Sian Richards as backstabbing flatmate / rival actress Mimi is quite good, as was Kelleher as Jane. Jonathan Henwood plays the sleazy agent, and Kathryn Hegarty is the eccentric tarot card reader, both also well played. However these two characters seemed to have been written on a much more exaggerated comic scale than Jane or Mimi, which didn’t quite work.

Sweet 'n’ Low is part of the Oxfringe festival. It is a short (less than 25 minutes) and sweet performance, and I would guess will be particularly entertaining for those who have worked in film and TV.
If this evening’s launch party was anything to go by, there’ll be a great variety and huge lot of fun in the new, expanded Oxford Fringe this year. Starting in just a few weeks, this year’s Fringe will see a great deal more events and shows being held across the city from 29 March to 6 April. This year’s is a “taster fringe” which its organisers hope will grow and evolve over the years.

The launch party showcased acts who’ll be taking part. The night’s performers ranged from a vibrant street band to performance poetry and comedy improvisation. There was good energy to all performances, with some really interesting and quirky acts to look out for.

The evening started and ended with The Horns of Plenty - a street band formed at last year’s Cowley Road Carnival. Their infectiously upbeat mixture of funky reggae, Eastern Europe and South African music made them as much fun as the carnival itself. Their procession into the café was accompanied by a fire eater performing in the background, a touch which really added to the festival feel.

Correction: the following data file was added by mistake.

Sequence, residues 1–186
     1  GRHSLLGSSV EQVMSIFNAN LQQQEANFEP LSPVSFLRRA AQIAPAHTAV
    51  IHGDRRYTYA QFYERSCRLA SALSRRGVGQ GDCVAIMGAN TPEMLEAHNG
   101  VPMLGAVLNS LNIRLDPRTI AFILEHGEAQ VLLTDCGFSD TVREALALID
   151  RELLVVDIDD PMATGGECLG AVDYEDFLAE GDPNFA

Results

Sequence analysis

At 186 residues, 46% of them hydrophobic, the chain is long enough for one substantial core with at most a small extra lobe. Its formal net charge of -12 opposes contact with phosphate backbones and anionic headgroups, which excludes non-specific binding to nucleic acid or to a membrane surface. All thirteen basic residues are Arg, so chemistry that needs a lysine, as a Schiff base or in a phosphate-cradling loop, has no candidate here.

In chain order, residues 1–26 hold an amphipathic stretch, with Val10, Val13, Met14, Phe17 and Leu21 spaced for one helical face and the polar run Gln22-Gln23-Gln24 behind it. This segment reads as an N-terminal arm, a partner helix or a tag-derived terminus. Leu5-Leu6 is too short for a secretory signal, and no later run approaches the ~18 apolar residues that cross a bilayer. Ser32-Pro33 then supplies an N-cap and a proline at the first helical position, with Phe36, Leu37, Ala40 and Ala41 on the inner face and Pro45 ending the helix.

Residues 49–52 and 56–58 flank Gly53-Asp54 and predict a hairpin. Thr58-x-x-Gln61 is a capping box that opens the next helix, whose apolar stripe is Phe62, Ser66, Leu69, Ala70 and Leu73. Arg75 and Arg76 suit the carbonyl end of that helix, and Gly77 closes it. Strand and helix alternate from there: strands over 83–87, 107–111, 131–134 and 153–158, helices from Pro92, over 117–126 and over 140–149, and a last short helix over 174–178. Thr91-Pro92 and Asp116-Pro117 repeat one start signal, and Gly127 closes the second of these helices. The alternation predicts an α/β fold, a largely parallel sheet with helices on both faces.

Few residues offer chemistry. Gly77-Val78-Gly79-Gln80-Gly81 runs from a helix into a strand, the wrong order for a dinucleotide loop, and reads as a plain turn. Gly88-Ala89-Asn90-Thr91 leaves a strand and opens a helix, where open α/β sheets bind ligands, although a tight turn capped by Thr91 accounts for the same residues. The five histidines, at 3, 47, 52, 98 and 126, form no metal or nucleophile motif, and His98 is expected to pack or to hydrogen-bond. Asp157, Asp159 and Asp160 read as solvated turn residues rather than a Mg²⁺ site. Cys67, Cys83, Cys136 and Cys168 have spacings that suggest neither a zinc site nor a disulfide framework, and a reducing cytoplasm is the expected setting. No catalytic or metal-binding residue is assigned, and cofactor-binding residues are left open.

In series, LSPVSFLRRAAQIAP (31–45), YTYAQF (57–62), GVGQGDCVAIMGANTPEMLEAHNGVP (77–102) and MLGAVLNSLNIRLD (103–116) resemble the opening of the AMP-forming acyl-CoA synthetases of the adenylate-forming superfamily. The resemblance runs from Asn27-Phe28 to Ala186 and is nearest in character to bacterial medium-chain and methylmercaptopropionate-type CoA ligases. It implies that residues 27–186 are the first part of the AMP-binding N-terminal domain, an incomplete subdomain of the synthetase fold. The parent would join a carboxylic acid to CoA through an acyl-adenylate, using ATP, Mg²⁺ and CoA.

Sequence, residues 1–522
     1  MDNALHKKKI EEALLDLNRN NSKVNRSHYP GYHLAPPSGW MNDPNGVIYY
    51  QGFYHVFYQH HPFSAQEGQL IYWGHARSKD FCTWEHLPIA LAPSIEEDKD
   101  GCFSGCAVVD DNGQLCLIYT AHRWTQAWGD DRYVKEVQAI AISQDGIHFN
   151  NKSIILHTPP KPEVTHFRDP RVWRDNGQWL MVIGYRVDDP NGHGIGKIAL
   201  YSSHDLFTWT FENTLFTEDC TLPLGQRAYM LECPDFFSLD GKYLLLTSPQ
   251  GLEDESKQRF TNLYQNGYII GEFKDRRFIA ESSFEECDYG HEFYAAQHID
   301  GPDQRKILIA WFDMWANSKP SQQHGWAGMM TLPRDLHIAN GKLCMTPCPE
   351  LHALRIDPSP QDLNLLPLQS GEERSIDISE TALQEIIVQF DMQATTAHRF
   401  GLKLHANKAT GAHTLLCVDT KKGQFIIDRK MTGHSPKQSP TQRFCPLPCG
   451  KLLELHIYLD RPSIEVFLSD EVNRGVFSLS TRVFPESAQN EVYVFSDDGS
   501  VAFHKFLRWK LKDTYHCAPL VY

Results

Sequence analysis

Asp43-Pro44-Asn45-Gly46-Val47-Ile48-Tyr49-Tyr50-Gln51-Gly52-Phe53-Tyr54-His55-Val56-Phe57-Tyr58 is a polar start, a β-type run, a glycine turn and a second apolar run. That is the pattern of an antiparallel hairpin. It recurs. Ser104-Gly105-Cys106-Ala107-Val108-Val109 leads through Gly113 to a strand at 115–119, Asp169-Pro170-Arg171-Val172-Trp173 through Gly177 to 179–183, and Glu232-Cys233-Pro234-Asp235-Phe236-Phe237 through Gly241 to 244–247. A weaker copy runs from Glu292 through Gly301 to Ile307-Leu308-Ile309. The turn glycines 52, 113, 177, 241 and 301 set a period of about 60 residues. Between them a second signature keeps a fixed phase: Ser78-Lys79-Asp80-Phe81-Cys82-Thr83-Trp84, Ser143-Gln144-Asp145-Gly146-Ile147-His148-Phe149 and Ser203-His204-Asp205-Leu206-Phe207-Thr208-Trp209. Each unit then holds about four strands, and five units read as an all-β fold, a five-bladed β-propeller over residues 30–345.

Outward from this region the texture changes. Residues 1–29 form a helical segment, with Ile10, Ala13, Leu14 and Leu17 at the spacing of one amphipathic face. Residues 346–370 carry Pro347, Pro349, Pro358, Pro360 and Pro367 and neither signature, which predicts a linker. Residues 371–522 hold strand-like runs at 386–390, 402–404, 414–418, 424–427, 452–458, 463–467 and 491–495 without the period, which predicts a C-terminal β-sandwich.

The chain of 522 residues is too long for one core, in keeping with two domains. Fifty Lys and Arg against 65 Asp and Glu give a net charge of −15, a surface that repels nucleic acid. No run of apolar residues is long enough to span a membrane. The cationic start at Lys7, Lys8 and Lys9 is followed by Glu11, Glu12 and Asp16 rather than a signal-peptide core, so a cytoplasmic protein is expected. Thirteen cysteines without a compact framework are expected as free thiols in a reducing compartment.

Performance poet George Chopping, a self-proclaimed shelf replenishment technician, performed funny and quick-fire verse about shopping and cats. His poetry was a great jumble of modern jargon and drollery, and made the audience laugh a great deal.

F x P2 were three very young comedians who performed slick, silly sketches which worked well, with natural timing and affability. Their showcase confirmed Oxfringe’s interest in supporting young performers. Oxford Impro performed improvised theatre sketches on the theme of academia which were a bit hit and miss, but done speedily, energetically and in good humour.

The final performer was Jenyth Worsley, a local poet who performed a great variety of material - from a poem from the perspective of a rat to a piece about Cassandra before the fall of Troy. Her work was humorous but also inquisitive, on occasion angry, and eloquent.

All in all the Oxfringe launch gave a great taste of what promises to be an exciting addition to Oxford’s cultural scene. The Fringe will run at the same time as Oxford’s Literary Festival, and hopefully will be the first of many new festivals to emerge at this time of year. The organisers’ enthusiasm and dedication, bringing an exciting number of events taking place across the city, is really something to be proud of.

The Oxfringe will run from 29 March to 6 April. A printed brochure will be distributed across the city soon, in the meantime a full programme of events is available at www.oxfringe.com.